‘Unacceptable and shocking’: France demands explanation for NSA spying
The US Ambassador to France Charles Rivkin was summoned by the
French Foreign Ministry to account for the espionage allegations
on Monday morning.
"I have immediately summoned the US ambassador and he will be received this morning at the Quai d'Orsay [the French Foreign Ministry]," French Foreign Minister Laurent Fabius told press. He added that “we must quickly assure that these practices aren't repeated.”
The media scandal triggered a phone call between US President Barack Obama and French President Francois Hollande who, according to the White House, discussed “legitimate questions” raised by US “friends and allies” about how the surveillance capabilities are employed. Obama reportedly assured Hollande that the US was reviewing the way it gathers intelligence.
In addition, citing the report on French publication Le Monde,
Interior Minister Manuel Valls spoke out on national television
against US spy practices.
“The revelations on Le Monde are shocking and demand adequate explanations from the American authorities in the coming hours,” said Valls on television channel Europe 1.
He went on to say that it is totally unacceptable for an allied country to spy on France.
Ambassador Rivkin refrained from commenting on the spy
allegations on Monday morning and told Reuters that French-US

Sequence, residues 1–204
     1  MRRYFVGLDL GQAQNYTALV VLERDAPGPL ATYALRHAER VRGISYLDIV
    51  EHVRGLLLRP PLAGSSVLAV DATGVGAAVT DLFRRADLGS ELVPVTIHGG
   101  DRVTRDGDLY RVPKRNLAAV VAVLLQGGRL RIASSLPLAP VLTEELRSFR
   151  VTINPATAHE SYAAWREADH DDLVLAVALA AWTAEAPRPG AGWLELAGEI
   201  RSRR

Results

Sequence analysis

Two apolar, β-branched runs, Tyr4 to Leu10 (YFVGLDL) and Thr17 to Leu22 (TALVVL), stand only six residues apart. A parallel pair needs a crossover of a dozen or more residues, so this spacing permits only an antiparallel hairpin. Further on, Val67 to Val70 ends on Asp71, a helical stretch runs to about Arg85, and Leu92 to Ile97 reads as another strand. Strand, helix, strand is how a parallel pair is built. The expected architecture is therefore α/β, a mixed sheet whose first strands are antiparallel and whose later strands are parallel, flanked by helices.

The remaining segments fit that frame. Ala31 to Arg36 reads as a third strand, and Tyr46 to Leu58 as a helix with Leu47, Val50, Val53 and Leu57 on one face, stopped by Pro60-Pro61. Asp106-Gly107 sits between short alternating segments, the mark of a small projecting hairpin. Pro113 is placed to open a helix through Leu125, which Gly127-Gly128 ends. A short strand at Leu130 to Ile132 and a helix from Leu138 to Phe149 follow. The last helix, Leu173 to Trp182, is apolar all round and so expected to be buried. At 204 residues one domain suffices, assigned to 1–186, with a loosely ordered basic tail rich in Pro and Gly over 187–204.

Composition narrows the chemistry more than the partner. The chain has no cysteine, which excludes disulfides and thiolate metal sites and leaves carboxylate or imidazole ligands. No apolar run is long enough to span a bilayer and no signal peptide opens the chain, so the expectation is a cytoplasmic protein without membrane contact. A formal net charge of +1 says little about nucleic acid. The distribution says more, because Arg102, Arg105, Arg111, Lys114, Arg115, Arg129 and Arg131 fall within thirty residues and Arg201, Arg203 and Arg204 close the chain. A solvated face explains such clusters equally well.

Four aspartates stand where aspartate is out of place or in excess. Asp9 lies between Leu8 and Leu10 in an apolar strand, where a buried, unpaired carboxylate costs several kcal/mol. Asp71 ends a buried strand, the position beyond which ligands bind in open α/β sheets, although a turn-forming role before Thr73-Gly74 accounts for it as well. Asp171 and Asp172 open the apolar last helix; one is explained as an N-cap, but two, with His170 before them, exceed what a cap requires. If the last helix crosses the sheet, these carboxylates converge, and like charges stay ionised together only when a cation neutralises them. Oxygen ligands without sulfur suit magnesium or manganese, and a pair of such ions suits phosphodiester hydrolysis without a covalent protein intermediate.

ties are the “best they have been for a generation.”
Le Monde revealed in a report based on the security leaks of former CIA worker Edward Snowden that the NSA recorded 70.3 million phone calls between December 10, 2012, and January 8, 2013.
The NSA reportedly carries out its espionage in France using a program called ‘US-985D’ which is able to listen in on specific telephone calls and pick up on text messages according to key words used.
Moreover, Le Monde also wrote that it had reason to believe that the spying was not just limited to citizens suspected of being involved in terrorism. According to the data released by Snowden the NSA also eavesdropped on politicians and prominent business figures.
The newspaper did not give any indications as to the identity of the high-profile people.
France is not the only EU nation to be targeted by NSA
surveillance. Germany took issue with the US government after it
was revealed the NSA was tapping phone lines and recording
electronic data in the country.
The EU took steps to curtail US data mining on Monday in a vote to change data protection rules. The draft bill, passed by the EU’s Committee on Civil Liberties in Strasbourg, makes America's secret court orders powerless, forcing companies based outside the EU - such Google and Yahoo - to comply with European data protection laws if they operate in Europe.
The US maintains that its spying activities are in the interests of national security and protect against terrorism. However, Snowden leaks released by Guardian reporter Glenn Greenwald showed the NSA had monitored Brazilian state-owned oil giant Petrobras and infiltrated the electronic communications of the Brazilian and Mexican presidents.
Mexico has also demanded an explanation for reports released by Der Spiegel on extensive spying on Mexican top officials and politicians.
Der Spiegal revealed that former President Felipe Calderon had
also been a target for NSA espionage. Citing a classified
internal report, it said the US monitors "diplomatic, economic
and leadership communications which continue to provide insight
into Mexico's political system and internal stability."